Secondly, President Sarkozy, Chancellor Merkel and our Prime Minister have written a joint letter on the budget. If we are going to have that close triangular relationship, does it not follow that that will probably be true of banking, energy policy and other areas? The question of creep towards Brussels running things, which is a bit of hyperbole, is one of evolution rather than any major revolutionary change.

My Lords, yes, we are in favour of stability in the eurozone, but we also feel that it is entirely right for nation states to stand up for their interests and to get together. That is in a way exactly what happened in this letter between Chancellor Merkel, President Sarkozy and others, who suggested—rightly, in my view—that it is time for the European budget to come under further control. That is not seeking to centralise power within Brussels; it is seeking to exert more pressure and more control from member states on the European Union. That is a very good direction of travel.

My Lords, the noble Lord has been under attack for trying to kowtow to his Eurosceptic Back-Benchers in the Tory Party. Some of us think that the Government kowtow far too much to the Europhiles, so there is a real difference of opinion. In all the latest opinion polls, a majority of the British people do not want any further powers to be ceded to Europe, and over half of them would like to leave the European Union.

Could I ask the noble Lord a question about the eurozone? In one part of the report, the statement is made that it could work only if there was fiscal union as well— saying that it did not want to tell the European Union this, but going on to do so anyway. Is the noble Lord aware that any reform with regard to the larger powers involves fiscal union? That is what France, Germany and, indeed, Italy want. Can I have the assurance that this would be opposed by the British Government and, perhaps, even by the British people through a referendum?

Yes, my Lords. The noble Lord says that we have been accused of kowtowing too much to Europhiles. We have certainly been accused of kowtowing to Eurosceptics. The main point of this, which the noble Lord has understood very well, is that we have said clearly that if there is to be a transfer of power from this Parliament to the European Union, it should be subject to a referendum. We hear what people are saying in various polls about their view that too much power has been ceded, that they are not consulted enough and it is all being done the wrong way. We will make this a matter of statute when later in this Session we get to the European Bill, which I hope the noble Lord and other noble Lords will support.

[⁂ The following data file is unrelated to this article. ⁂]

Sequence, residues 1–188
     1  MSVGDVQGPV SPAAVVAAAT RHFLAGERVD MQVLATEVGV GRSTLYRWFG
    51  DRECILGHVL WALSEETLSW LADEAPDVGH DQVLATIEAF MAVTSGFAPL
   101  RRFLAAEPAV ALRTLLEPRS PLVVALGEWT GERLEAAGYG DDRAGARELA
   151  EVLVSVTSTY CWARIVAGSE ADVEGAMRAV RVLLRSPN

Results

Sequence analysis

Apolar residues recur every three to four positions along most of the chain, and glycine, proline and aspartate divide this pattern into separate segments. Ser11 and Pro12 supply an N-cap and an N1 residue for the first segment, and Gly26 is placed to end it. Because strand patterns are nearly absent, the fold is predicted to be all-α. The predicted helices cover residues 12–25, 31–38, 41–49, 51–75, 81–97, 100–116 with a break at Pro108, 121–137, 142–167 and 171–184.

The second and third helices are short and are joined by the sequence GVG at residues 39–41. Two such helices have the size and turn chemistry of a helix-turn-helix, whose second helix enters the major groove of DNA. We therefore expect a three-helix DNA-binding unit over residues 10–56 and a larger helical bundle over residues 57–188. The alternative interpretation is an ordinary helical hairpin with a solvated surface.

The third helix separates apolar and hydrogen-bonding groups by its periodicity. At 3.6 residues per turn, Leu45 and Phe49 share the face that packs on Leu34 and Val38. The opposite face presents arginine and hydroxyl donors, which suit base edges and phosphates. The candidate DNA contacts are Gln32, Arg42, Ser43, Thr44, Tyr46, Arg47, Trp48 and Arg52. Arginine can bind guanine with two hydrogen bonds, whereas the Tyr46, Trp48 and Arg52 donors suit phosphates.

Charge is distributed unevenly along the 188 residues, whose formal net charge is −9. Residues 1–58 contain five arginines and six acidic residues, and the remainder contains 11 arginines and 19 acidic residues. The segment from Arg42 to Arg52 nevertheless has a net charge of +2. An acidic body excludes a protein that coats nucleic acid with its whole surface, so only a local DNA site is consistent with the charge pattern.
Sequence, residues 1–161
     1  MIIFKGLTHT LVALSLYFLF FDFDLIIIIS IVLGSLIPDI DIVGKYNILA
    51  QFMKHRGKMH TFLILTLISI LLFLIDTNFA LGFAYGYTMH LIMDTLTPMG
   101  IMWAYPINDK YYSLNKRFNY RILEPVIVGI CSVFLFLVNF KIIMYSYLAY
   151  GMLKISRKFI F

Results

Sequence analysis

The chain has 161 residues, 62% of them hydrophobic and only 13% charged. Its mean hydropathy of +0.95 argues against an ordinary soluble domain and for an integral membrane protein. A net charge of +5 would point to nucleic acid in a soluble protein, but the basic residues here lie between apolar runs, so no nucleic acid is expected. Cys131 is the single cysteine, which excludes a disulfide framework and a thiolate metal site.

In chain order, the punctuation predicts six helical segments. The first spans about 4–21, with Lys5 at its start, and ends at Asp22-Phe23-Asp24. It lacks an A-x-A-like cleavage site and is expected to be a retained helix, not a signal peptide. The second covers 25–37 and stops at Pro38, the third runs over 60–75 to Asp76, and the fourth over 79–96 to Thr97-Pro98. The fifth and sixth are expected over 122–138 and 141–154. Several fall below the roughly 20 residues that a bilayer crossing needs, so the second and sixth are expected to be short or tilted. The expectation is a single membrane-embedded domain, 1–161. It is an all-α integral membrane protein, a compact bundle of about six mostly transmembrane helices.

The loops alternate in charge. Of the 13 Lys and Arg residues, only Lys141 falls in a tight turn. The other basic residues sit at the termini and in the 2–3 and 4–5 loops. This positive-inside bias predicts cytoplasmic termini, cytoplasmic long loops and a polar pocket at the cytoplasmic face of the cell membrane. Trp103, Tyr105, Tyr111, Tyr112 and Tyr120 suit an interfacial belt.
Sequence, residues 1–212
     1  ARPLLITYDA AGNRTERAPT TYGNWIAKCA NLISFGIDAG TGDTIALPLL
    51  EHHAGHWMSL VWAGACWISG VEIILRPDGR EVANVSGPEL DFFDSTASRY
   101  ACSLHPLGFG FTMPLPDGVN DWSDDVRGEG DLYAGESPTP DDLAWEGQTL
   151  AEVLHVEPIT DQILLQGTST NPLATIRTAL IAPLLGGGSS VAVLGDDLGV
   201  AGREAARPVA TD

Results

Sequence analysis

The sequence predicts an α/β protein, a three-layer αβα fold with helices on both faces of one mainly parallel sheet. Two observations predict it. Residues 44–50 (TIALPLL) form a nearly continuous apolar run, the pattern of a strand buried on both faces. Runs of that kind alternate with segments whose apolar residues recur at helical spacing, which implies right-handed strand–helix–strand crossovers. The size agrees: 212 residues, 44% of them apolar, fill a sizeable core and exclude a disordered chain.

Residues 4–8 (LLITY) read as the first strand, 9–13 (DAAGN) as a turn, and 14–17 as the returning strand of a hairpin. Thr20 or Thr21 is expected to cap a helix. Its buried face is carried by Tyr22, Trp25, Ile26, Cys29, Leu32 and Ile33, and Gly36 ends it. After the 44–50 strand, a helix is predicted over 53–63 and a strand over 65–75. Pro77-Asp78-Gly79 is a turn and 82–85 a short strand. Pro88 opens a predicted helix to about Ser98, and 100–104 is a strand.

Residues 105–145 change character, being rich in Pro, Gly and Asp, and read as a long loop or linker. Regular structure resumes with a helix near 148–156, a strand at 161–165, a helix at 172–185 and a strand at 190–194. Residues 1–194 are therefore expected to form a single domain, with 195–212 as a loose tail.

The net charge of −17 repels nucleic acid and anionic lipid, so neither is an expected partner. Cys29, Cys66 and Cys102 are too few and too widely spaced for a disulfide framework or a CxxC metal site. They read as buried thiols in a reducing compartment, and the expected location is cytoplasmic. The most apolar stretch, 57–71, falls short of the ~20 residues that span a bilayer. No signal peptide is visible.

The countries of the eurozone need to sort out their own problems. No doubt some of us will have different views as to how that should be done but, if there was a move down the road towards a European-wide fiscal solution for European-wide economic problems, we would oppose it.

My Lords, my noble friend is quite right to say with regard to the proposed new bailout proposals that they affect only the eurozone and do not affect us, so there is no change in our position and no need to consider a referendum on the issue. However, it is probably worth pointing out that, with regard to the eurozone, the proposed changes would be very substantial indeed. The new proposals empower the EU to enforce strict conditionality, which the Wall Street Journal says today is bureaucrat-speak for telling a country what it must do on taxes, spending and economic policy as a price for being rescued. Those are very substantial changes.

My noble friend is absolutely correct; they are substantial changes. However, the eurozone needs substantial changes because of the problems that it has found itself in.

My Lords, the Prime Minister’s Statement says that the eurozone needs major reforms. What specific items did he have in mind?

My Lords, it is not for us to tell the eurozone how to sort out its own problems. I have laid out some proposals this afternoon on how we think Europe should grow again, and I stand by them.

Has it not become clear to even the blindest Eurofanatic that the real problem with the eurozone is that the north is moving at a very different rate from the south, and that tensions would be considerably relieved if they broke up into two?

My Lords, I am not sure that that is plain to everybody, nor is it, I think, a desirable solution. What is desirable is that the member countries should work together to find common solutions to common problems, including economic ones. If that means that the eurozone needs to rewrite its rules, then that is exactly what it should do.